top of page

Protecting Asylum-Seekers: Calling Attention to the Consequences of Electronic Ankle Monitoring

By Marie T. Mazzeo

Every day, refugees, asylum-seekers, and migrants leave the only homes they have ever known in search of a better life. These individuals face trauma at each stage of the migration process, and these experiences are associated with poor mental health outcomes, including PTSD, anxiety, and depression [1-2].Over the past few decades, there has been a tremendous shift in this country’s immigration policies and practices, leading experts to describe the past 25 years as “an unprecedented era of mass detention and deportation of immigrants” [3]. Detention, or holding an individual in custody, is a significant source of immigration-related trauma, and advocates have long demanded the closure of physical detention centers [1-3].

In 2004, U.S. Immigration and Customs Enforcement (ICE) began the Alternatives to Detention (ATD) program, which includes the Intensive Supervision Assistance Program (ISAP), to allow noncitizens to remain in their communities through the use of surveillance technology, including GPS-enabled electronic ankle monitors [4]. According to the Transactional Records Access Clearinghouse (TRAC) at Syracuse University, ICE’s ATD data reporting has had multiple significant errors [5]. TRAC uses the Freedom of Information Act to request ICE anonymized records and publishes publicly-available reports and online tools [6]. As of April 8th, 2023, there are 5,194 individuals in ATD with electronic ankle monitors; the average duration is 469 days [6]. Despite its intention, advocates argue that electronic monitoring through ATD is not an alternative but another form of incarceration deemed “E-Carceration” [3,7-8]. Many have called for discontinuing electronic ankle “shackles” due to these devices’ physical and psychological effects, a lack of supporting evidence for their efficacy or utility, a lack of consistency in the rules, regulations, and legal framework, and the associated costs [3,7-8].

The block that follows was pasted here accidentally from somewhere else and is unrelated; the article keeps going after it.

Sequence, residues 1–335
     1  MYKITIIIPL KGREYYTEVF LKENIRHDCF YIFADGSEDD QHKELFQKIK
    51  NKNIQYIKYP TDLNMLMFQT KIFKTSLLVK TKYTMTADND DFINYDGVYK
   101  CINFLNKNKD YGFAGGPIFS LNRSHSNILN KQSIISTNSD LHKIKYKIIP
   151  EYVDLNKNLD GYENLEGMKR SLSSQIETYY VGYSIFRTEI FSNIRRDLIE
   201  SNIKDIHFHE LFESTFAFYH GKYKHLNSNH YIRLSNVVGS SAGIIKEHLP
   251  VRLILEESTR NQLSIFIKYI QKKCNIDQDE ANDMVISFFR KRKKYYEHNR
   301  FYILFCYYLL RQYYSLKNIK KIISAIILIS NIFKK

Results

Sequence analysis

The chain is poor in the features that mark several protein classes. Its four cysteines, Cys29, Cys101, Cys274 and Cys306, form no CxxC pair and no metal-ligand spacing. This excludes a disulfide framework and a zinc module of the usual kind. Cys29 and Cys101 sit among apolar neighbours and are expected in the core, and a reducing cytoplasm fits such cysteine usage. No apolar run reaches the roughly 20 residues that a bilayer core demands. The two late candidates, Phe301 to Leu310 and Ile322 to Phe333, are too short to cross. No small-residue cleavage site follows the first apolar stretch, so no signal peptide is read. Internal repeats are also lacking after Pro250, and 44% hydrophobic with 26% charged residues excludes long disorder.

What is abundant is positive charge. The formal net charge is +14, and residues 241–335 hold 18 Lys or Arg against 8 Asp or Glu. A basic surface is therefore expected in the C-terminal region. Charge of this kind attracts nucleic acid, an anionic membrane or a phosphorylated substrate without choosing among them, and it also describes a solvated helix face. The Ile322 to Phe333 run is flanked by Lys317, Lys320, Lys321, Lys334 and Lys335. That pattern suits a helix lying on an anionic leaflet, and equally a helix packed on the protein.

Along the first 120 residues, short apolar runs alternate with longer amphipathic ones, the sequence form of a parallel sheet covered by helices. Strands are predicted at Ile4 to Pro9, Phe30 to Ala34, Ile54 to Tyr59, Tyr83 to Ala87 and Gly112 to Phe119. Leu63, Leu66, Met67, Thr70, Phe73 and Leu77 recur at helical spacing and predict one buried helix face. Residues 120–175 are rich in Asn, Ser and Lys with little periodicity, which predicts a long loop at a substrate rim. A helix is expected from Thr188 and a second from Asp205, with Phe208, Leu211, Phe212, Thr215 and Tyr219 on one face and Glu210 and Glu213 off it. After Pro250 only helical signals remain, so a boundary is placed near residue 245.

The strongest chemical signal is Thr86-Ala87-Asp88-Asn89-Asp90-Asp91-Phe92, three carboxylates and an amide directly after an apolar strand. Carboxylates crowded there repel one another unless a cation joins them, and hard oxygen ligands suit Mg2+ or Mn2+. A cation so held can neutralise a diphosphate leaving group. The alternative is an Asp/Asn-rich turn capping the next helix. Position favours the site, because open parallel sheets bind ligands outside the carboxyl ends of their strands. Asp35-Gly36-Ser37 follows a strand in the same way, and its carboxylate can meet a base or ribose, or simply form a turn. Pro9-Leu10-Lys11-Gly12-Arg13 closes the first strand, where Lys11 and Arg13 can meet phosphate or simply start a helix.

Based on recent evidence, the expanded use of electronic ankle monitors does not appear to be a humane alternative to incarceration, and the effects of these devices require further investigation. In 2021, the Kathryn O. Greenberg Immigration Justice Clinic of Cardozo Law, Freedom for Immigrants, and Immigrant Defense Project published the first empirical study regarding electronic ankle monitors, entitled Immigration Cyber Prisons: Ending the Use of Electronic Ankle Shackles. This collaborative report called attention to the physical, psychological, financial, and social consequences that immigrants experience from ICE’s growing use of electronic ankle monitoring [3]. The report’s findings – based on a survey of 150 immigrants subjected to these devices and aggregated data from over 950 legal cases – demonstrate that electronic ankle monitoring threatens health and well-being [3]. 90% of survey participants reported that the monitors impacted their physical health; harms included: aches, pains, and cramps (74%), excessive heat (57%); numbness (55%), inflammation (45%), scarring (38%), cuts and bleeding (27%), and electrical shocks (22%) [3]. Additionally, 88% of survey participants reported that the monitors impacted their mental health; harms included: anxiety (80%), sleeplessness (73%), depression (71%), social isolation (61%), and suicidal thoughts (12%); 97% of participants reported social isolation [3]. Of note, immigrants who identified as Black were disproportionately subjected to ankle monitors [3].